Saturday, 24 October 2015

How to Make a Modern Action Show (or "Why From Dusk Till Dawn is Better Than The Player")

When I heard from IGN that NBC reduced the episode order for The Player, I knew it was time I had this chat with you. The Player is one of the most disappointing shows I've seen a while. I'm sorry if I sound like a tool, since I really hate being that guy, but I have got to be honest. If I sound like I haven't done my research on this show, or even watched it, that's because I can barely remember what has happened in the show so far. If I can't do that the first time around, its not worth watching a second time.

From what I read from an interview on IGN, The Player was supposed to be influenced by 80s action Shows. But, from the episodes I've watched, this show is little more than a genre-lite drama: a typical drama but with more gunfights and explosions. A template action show is, from my perspective, an kids show rewritten for adults. Instead of character development or plot, the shows focus is on the good guys fighting the bad guys. Think Power Rangers if it was written for adults. In fact, character is everything because, ultimately, action shows aren't about the plot, but about how its cast deals with it. I mean, do you honestly believe Dragon Ball Z was remembered for the plot? You want an actual story? Then go watch a drama, because this why I love action shows and movies.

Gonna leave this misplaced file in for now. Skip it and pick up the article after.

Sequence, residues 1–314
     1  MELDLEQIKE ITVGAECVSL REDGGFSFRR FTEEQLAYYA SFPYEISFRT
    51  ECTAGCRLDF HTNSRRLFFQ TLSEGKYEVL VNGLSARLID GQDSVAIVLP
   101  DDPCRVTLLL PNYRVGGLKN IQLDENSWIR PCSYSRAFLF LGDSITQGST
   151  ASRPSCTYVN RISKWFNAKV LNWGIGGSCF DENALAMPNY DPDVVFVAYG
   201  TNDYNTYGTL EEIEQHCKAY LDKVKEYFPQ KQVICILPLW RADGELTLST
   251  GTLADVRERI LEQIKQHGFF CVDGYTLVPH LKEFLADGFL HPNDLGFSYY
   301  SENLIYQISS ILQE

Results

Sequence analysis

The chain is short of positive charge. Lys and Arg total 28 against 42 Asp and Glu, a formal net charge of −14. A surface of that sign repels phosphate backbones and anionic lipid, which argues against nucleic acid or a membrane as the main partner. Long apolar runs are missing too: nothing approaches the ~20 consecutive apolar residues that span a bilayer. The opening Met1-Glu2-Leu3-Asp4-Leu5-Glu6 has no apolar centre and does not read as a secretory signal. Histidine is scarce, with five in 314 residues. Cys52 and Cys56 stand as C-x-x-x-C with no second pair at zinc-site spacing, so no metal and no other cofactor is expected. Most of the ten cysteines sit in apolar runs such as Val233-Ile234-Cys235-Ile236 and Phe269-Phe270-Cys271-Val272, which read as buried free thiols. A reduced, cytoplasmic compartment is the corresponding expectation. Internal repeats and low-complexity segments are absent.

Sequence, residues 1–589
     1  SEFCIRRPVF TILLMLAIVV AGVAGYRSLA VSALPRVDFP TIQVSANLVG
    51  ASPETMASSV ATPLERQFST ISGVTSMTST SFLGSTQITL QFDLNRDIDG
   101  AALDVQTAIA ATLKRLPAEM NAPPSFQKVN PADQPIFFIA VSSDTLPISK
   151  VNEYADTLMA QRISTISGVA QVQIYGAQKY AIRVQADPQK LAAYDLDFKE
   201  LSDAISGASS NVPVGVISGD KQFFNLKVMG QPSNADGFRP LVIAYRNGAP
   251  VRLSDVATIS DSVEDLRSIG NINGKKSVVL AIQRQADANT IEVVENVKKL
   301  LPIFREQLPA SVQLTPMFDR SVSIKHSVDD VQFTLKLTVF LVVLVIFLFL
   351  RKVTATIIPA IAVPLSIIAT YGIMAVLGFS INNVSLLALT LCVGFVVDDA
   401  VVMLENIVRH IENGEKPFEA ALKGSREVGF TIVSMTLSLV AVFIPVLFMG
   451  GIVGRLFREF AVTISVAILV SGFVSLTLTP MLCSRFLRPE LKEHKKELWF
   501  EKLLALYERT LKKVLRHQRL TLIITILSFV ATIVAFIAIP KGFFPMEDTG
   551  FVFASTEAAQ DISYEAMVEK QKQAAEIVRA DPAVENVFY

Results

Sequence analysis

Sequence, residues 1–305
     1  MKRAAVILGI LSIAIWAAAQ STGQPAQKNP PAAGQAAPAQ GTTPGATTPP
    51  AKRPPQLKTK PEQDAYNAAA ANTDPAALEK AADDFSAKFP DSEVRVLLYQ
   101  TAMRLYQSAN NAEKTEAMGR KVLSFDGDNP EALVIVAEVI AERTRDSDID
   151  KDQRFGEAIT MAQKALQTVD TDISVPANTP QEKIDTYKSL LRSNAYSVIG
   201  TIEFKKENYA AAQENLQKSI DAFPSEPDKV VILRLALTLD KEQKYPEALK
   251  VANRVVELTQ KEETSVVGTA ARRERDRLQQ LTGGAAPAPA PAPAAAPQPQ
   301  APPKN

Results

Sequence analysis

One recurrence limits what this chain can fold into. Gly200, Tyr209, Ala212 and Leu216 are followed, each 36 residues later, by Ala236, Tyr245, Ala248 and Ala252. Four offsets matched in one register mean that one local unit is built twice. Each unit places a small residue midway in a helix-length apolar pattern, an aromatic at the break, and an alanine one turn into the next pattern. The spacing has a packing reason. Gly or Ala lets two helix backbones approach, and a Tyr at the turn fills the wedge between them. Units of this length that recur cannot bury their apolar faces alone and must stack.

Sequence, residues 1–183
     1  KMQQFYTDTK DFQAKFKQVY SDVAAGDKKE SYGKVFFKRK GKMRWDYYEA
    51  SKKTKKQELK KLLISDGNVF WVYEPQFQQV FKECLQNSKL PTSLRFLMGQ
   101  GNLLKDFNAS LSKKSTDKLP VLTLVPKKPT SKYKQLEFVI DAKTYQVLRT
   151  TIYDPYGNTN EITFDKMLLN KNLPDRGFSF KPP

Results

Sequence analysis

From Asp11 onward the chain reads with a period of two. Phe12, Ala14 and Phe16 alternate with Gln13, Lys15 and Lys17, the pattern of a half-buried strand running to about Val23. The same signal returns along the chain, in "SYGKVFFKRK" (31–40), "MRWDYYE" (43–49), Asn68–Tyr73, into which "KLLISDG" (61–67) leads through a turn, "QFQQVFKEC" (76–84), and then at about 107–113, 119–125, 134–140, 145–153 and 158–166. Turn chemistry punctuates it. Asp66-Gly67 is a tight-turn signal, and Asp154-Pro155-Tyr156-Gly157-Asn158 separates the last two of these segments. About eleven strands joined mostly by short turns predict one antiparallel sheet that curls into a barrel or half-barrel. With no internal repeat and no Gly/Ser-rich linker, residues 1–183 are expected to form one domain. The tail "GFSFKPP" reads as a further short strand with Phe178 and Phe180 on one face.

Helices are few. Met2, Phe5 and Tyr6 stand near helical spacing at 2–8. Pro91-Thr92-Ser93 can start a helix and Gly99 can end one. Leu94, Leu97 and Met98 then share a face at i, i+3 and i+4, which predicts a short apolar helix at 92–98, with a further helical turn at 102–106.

Characters are defined not by their backstory or motivations, but by their ACTIONS. Its why the Mr. T's and James Bond's of the world are remembered as such. We didn't care about who they were, but we remembered what they did and how they went about it. I didn't give a shit about the titular "Player", but I learned he used to enjoy his old profession. Again, as I'm writing this, I can't remember what that was, but it sounded messy. I would have loved to see that guy as the main main, instead of this FPS protagonist I can find in any Call of Duty knockoff.

Compare this to From Dusk Till Dawn: The Series, an real action show. The series is about a group of disparate people who are after some macguffin by the big bad for various reasons. Each of these characters are defined and remembered by their actions. As a bonus, the tone and genre of the series can change depending on them. The story of our leads, the Gecko Brothers, is treated as crime fiction; The Fuller Family, a drama; and Ranger Gonzales, an action-horror flick.

As an action-drama, The Player instead follows the same template as Gotham, The Flash, and Arrow. But those shows had characters that would still be memorable even if they weren't based those from a comic book. Case-and-point: Fish Mooney. Being dramas at their core, it also helps that their ongoing story arcs are intriguing. However, The Player's plight - a man trying to find his wife - is just cliche. It wouldn't surprise me if it turned out the wife was working for the bad guy the whole time.

I would have love to see a break in the traditional prime-time crap I watch, as well as the influx of superheroes dramas, but The Player isn't it sadly. I'm not surprised that NBC is wavering on it, nor will I be when it gets cancelled. Outside of 80s action shows, I don't know what the gold standard for a primetime action show on broadcast television is, but The Player (along with Taxi Brooklyn, by-the-by) are good examples of how not to go about it.

'Should have just renewed Constantine.

No comments:

Post a Comment

Note: only a member of this blog may post a comment.